First, thank you for the information, I was not aware of this temple.
As a classical archaeologist I found it really intruiging that there are apparently so many conflicting reports.
With a very light fact checking process, you can get a better idea of what's really going on.
First, the temple itself.
It is a "modern" building from 1750 and the original deed is still available at the local archive. I don't know if
there was something relevant at this location before but the mystical stuff around it take a little hit since it's not even a 300 years old
People seems to think it's older because it may contain some ancient artefacts.
The Maharaja of Travancore at the begining of the 18th century
is the key of this. As a ruler of considerable part of what is to become India, he already has a considerable personnal wealth with some objects
going way back, to a time of trades with the western world as early as 200 or 300 BC. You can think of a mixed bag of raw products (gems, gold,
silver, etc.), coins and more fashionable items in precious metal. Here goes your first pack of "ancient items". At the begining of the 18th century
our Maharaja unveils a plot from local chieftains. They are executed and there wealth seized. Here comes more precious objects. Then, he thinks it
could also be a good idea to conquer some nearby kingdoms and eventually the story ends up with more seizing.
At this point, he makes a smart move
. We are in 1750 and “As repentance (for plundering), he dedicated his entire kingdom to God". The
Padmanabhaswamy temple is build and it is smart for at least two reasons:
- First, he is officially giving the wealth to god so technically most of the treasure is not his anymore. BUT (and it's a big one) he is still the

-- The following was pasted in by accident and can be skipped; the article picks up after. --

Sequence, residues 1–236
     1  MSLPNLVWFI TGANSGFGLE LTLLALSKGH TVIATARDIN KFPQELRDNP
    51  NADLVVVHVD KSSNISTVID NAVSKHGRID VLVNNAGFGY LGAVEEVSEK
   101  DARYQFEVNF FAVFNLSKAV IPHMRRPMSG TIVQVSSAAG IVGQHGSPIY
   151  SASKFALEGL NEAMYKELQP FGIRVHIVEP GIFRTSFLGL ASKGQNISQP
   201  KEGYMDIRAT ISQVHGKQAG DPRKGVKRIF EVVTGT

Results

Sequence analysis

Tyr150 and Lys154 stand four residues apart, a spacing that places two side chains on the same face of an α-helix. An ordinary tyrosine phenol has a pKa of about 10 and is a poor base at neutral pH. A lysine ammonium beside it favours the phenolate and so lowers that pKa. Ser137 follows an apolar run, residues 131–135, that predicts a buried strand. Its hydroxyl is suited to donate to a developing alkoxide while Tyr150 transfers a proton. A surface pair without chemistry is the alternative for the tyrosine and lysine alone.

curator of this wealth. You have to understand that a divinity can have terrestrial possessions but someone has to act as the guardian angel of said
possessions. Very smart hu?
- Second, that's also one of the safest way to keep huge amount of wealth. Stealing from local autorithies is one thing, stealing from the main god of
a civic religion is another. You don't steal from this rich guy that most people hate, you are stealing the community (even if at the end of the day,
the Maharaja can use it as his own if he is subtile enough) and angering god (and believers at the same time). That and big set of doors in the
So, the temple is a big safe with a specific organisation related to religious practices.
In the vaults you have: part of the personnal wealth of the Maharaja, most of the lootings that includes raw materials and precious objects, some of
them having a lithurgic value, and some gifts from the devout (that are mostly of small value and certainly used as a mean to account for daily
activities and general stuff of the sanctuary, no need to grab some gold or a ruby for that).
You have at least six vaults maybe even eight:
- C and E are used to store ornaments for daily liturgical activities (the ones that are open very often)
- D and F are used to store more precious ornaments for special festivals (the ones that are open a few time every year)